And again, the definition of "open standard" varies according to whom makes that definition. Only last week or so the UK government provided the terms it uses to define open standards, which require that they have "intellectual property made irrevocably available on a royalty free basis". This puts the UK in line with other countries, most notably the EU.
So the confusion only exists if you decide to give more credit to the world views of Nvidia, AMD, Apple and the likes than to what common sense dictates and quite a few of (presumably) democratically elected governments throughout the world understand.
That's a pity. It tells us a lot about how rotten the IP system is. Even more reason to not accept the language and definitions of those who support and impose it. If we don't, we run the risk of running out of arguments and ideas.And no, it couldn't have been done any other way. There is an actual _reason_ why people want OpenGL 3 support including all of its mandatory features; you realize this, right? Floating point textures are _essential_ for many modern rendering techniques. You cannot do them without floating point textures and render buffers. Period.
PS. I believe you are confusing "open implementations" with "free to implement".
i even have read original mesa-dev discussion before this news was posted and have opened this forum page before any comments were posted but just could not say it good enough.
now i will put this post into my citation collection where it earned its place.
in my understanding, even if some "patents"(i would call them 'papers with offer you can't refuse') are grossly "infringed", "patent-holder" is not going to scaremongering and threat free&open voluntary community project. that is some black PR. if he's going to get someone, he's going for the users (remember how MS fucked bunch of small companies with imaginary "Linux patents" ?). and it's users who should decide _and bother at all_ to enable or disable that functionality.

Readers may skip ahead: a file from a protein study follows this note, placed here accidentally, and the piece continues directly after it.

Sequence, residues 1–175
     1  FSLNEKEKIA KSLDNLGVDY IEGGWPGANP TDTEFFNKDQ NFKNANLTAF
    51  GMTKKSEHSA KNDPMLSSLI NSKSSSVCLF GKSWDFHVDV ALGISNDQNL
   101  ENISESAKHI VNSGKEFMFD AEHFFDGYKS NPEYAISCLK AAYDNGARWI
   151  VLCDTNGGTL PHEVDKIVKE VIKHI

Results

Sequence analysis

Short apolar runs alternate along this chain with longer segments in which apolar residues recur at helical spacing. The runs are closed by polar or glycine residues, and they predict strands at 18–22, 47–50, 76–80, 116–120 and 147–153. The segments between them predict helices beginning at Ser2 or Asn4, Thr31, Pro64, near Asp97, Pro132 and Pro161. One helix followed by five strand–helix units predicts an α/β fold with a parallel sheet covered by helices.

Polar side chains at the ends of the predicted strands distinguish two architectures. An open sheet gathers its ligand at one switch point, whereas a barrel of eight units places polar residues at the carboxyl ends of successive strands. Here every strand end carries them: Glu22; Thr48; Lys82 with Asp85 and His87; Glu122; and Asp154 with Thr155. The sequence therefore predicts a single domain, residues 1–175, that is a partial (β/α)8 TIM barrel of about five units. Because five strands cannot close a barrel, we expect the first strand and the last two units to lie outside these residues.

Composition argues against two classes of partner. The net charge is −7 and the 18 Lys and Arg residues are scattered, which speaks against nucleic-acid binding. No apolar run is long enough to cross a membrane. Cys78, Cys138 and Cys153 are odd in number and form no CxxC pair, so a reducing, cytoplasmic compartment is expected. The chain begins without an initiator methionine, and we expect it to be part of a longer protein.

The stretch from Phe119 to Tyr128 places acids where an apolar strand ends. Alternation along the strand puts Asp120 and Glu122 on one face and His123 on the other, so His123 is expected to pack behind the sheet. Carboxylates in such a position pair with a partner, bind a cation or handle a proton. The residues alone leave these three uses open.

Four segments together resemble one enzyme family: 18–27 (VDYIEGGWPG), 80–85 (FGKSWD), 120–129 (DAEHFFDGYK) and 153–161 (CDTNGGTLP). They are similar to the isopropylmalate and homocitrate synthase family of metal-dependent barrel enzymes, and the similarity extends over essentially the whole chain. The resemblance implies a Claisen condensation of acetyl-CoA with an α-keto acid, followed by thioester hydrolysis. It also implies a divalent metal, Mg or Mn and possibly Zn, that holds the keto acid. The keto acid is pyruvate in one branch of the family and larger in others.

and all that _only if_ threat is legitimate _and_ patent-holder is really an extortionating bastard.
MS example actually says even more - you _can fuck people with patents even if you don't have them_ or they highly dubious ("dubious", if we all imagine that we live in a world where patent system is something more than lawful racketeering system). so - you can be fucked either way, so better that you make it worthwhile.
most interesting part of "discussion" was Ian Romanick's:
"If we're going to make any significant changes to Mesa's S3TC support,
we might want to consider changing to a maintained library. :) For
example libsquish (http://code.google.com/p/libsquish/) might be a good
One advantage of having S3TC in Mesa would be that we could (finally) do
hardware accelerated compression. There's quite a bit of work published
about, for example, DXT5 compression on GPUs."
it actually says something useful, lays down a plan and puts something more than fucking FUD. apparently there is an up-to-date, maintained, _supported by Nvidia_ DXTn library and we didn't even knew it.
the worst part is Corbin Simpson's:
"Stop messing with S3TC. I think things like my previous attempt to
language-lawyer S3TC compatibility in without any patented code are a
better use of time than silly patches to shoehorn it in to the
detriment of the rest of us."
it's really interesting to know more about those "previous attempt to
language-lawyer S3TC compatibility in without any patented code" and the "detriment of the rest of us".